The New York Times, CBS poll, January 15-19, 2011, accessed March 29, 2011
CNN Opinion Research: January 14-16, 2011, accessed March 29, 2011
NBC/Wall Street Journal Survey, January 13-17, 2011, accessed March 29, 2011
Pollster.com, Health care plan: Favor/Oppose, accessed March 29, 2011
The Washington Post, Is support for repeal vastly overstated?, By Greg Sargent, Jan. 21, 2011
The Humphrey School
Former Gov. Tim Pawlenty's exploratory presidential campaign is calling "Pawlenty Action" its official "grassroots action network." The website allows Pawlenty supporters to register personal information and earn points for everything from contributing to the campaign to recruiting friends and linking to Pawlenty on Facebook.
Pawlenty's new media consultant Mindy Finn of the Washington, D.C.-based firm Engage told Minnesota Public Radio News that more than 75 percent of grassroots political activity now takes place on the Internet, and that candidates competing against President Obama next year will need tap grassroots energy.
Pawlenty has already garnered considerable attention with highly produced short YouTube videos promoting his book, campaign stops and, most recently, the formation of his presidential campaign exploratory committee.
In addition to spreading the word about Pawlenty, visitors to "Pawlenty Action" can volunteer to help out with campaign work in the early GOP nominating states of Iowa, New Hampshire, South Carolina and Nevada.(1 Comments)
Posted at 2:39 PM on March 30, 2011
by Tim Nelson
Filed under: MN Legislature
Gov. Mark Dayton says he's not too happy with the K-12 bill passed by the House early this morning.
"Abolishing integration aid and abolishing the funding for special education is just not something I could support," he said. "I'm glad they raised the per-pupil aid formula. That's something I recommended in my campaign. But I suggested doing it by increasing taxes on the very wealthiest Minnesotans, and once again, I'm baffled why everyone says that everyone has to share the pain, but they won't raise a tax dollar on millionaires and multimillionaires."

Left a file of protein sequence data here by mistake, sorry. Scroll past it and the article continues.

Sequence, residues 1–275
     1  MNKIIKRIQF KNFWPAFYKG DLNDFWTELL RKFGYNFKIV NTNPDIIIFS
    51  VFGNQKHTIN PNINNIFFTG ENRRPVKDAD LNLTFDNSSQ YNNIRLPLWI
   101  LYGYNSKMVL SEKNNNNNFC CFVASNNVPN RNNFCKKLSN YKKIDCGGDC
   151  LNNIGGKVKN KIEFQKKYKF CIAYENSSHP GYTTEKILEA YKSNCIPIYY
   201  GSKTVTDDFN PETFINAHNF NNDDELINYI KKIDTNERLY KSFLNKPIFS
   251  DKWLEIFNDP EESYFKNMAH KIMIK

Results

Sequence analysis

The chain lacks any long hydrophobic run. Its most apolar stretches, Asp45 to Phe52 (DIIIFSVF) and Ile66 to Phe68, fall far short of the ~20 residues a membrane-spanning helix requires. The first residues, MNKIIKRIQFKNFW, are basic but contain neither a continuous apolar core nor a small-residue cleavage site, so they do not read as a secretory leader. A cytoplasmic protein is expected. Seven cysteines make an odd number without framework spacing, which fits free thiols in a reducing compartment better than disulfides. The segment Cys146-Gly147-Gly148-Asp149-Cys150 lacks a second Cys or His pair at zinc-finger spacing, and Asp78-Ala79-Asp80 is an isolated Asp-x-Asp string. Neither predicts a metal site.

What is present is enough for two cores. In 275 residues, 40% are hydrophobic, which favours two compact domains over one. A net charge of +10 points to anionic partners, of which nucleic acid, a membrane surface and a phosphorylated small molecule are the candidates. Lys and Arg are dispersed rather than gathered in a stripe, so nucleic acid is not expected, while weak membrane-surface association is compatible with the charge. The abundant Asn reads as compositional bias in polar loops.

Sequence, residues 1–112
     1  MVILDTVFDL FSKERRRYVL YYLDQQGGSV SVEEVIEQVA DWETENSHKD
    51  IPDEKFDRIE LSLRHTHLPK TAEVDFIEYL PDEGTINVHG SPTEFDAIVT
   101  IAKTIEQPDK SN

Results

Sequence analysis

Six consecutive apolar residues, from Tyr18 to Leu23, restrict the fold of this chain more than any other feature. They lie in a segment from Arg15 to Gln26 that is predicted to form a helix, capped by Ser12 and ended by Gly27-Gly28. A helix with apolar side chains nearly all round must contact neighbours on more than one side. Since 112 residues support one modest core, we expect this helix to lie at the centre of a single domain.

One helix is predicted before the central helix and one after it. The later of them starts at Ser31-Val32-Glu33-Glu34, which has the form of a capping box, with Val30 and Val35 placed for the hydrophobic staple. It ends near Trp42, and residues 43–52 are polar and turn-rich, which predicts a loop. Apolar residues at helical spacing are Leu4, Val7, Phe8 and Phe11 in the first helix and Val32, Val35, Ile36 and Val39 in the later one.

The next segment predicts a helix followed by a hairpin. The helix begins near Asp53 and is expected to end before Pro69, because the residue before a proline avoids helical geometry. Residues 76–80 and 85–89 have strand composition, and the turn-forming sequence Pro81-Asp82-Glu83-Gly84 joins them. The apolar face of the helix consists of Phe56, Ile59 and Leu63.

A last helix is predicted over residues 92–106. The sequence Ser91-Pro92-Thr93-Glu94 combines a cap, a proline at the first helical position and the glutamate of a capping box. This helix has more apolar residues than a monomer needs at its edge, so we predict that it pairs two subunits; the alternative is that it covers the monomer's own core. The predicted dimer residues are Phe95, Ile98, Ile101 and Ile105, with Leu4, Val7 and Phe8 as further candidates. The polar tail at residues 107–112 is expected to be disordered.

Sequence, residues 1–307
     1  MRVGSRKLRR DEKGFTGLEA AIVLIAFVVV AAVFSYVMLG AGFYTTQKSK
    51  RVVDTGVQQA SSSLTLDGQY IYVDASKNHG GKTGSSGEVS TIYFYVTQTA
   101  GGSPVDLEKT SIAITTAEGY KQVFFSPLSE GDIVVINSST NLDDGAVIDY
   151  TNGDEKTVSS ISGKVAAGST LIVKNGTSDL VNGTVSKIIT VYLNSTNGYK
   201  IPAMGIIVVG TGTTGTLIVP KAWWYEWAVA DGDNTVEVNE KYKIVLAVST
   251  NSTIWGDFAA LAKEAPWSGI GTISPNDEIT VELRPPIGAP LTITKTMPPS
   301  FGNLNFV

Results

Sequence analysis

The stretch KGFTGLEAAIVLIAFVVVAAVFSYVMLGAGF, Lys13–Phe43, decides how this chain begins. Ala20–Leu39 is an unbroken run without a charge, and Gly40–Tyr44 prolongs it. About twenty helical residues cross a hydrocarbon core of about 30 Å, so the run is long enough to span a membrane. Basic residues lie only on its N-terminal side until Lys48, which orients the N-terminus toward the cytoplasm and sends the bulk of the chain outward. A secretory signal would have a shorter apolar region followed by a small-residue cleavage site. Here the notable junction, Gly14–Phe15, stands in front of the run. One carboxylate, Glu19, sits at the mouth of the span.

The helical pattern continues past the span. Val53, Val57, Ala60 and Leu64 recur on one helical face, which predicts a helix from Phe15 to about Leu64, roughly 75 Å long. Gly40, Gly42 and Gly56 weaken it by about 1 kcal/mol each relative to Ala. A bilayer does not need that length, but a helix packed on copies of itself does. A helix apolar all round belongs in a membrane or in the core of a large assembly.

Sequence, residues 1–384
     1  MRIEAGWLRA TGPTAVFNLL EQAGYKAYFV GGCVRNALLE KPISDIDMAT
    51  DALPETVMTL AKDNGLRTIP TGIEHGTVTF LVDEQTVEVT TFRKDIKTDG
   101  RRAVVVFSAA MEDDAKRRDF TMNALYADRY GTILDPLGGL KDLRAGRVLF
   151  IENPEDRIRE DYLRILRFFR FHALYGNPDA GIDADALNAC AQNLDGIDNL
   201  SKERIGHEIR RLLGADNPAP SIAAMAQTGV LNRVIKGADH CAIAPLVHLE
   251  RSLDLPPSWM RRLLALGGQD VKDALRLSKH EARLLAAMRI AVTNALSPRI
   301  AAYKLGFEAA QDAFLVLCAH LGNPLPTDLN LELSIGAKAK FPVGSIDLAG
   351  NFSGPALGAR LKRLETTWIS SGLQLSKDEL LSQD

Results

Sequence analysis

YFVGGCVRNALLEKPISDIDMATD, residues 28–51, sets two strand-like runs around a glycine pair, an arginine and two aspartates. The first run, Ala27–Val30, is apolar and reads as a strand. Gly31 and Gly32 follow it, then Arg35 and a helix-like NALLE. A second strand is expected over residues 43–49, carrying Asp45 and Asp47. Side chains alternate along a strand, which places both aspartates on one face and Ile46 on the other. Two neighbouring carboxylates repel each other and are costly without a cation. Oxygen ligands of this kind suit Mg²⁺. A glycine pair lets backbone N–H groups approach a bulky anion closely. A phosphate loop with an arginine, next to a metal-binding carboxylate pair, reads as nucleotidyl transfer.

Dayton spoke after a photo session this afternoon with the state wresting champions. His comments follow a letter issued last night to the House, regarding the bill as it was being debated. Here it is:
Posted at 3:03 PM on March 30, 2011
by Tim Nelson
Here's the Dayton administration's take on the Senate Health and Human Services Bill, being debated on the floor this afternoon.
Here's the Department of Health letter:
Minnesota Department of Health letter to MN Senate
And here's the Department of Human Services letter.
Posted at 3:26 PM on March 30, 2011
by Tim Nelson
The governor talked about the House K-12 bill briefly this afternoon, but also talked about the endgame for the session.
"I'm still optimistic we'll be done by May 23rd," he said.
"My request would be that they pass the conference reports for anything with revenue or spending, and then lay them on the table," Dayton said, "so again they can see, and I can see, and most importantly the people of Minnesota can see that they have a balanced budget that's been confirmed by Management and Budget and the Department of Revenue as adding up, as being based on valid assumptions. And then we'll have a starting point."
He called those terms part of "an ongoing discussion."
There's some nuance to what he had to say, so we'll let you hear it for yourself:
As an added bonus, here's the four letters the Dayton administration sent the Senate on the state government and veterans services bill this afternoon.
The Office of Enterprise Technology letter
Office of Enterprise Technology letter to MN Senate
Department of Administration letter:
Department of Administration letter to MN Senate
Minnesota Management and Budget Department letter:
Department of Management and Budget letter to MN Senate
Department of Revenue letter:
Department of Revenue letter to MN Senate